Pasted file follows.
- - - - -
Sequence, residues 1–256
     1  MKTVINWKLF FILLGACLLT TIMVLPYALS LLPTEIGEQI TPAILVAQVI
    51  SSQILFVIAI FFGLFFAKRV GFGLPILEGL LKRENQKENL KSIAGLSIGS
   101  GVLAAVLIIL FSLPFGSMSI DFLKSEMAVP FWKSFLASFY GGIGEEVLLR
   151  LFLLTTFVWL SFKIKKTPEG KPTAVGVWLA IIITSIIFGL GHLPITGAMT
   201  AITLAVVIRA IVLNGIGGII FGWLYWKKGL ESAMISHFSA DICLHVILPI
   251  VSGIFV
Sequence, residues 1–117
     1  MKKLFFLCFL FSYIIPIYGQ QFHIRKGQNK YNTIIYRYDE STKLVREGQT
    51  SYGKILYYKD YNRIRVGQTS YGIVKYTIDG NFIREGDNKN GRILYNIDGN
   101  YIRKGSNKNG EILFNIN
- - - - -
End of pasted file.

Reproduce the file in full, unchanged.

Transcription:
Sequence, residues 1–256
     1  MKTVINWKLF FILLGACLLT TIMVLPYALS LLPTEIGEQI TPAILVAQVI
    51  SSQILFVIAI FFGLFFAKRV GFGLPILEGL LKRENQKENL KSIAGLSIGS
   101  GVLAAVLIIL FSLPFGSMSI DFLKSEMAVP FWKSFLASFY GGIGEEVLLR
   151  LFLLTTFVWL SFKIKKTPEG KPTAVGVWLA IIITSIIFGL GHLPITGAMT
   201  AITLAVVIRA IVLNGIGGII FGWLYWKKGL ESAMISHFSA DICLHVILPI
   251  VSGIFV
Sequence, residues 1–117
     1  MKKLFFLCFL FSYIIPIYGQ QFHIRKGQNK YNTIIYRYDE STKLVREGQT
    51  SYGKILYYKD YNRIRVGQTS YGIVKYTIDG NFIREGDNKN GRILYNIDGN
   101  YIRKGSNKNG EILFNIN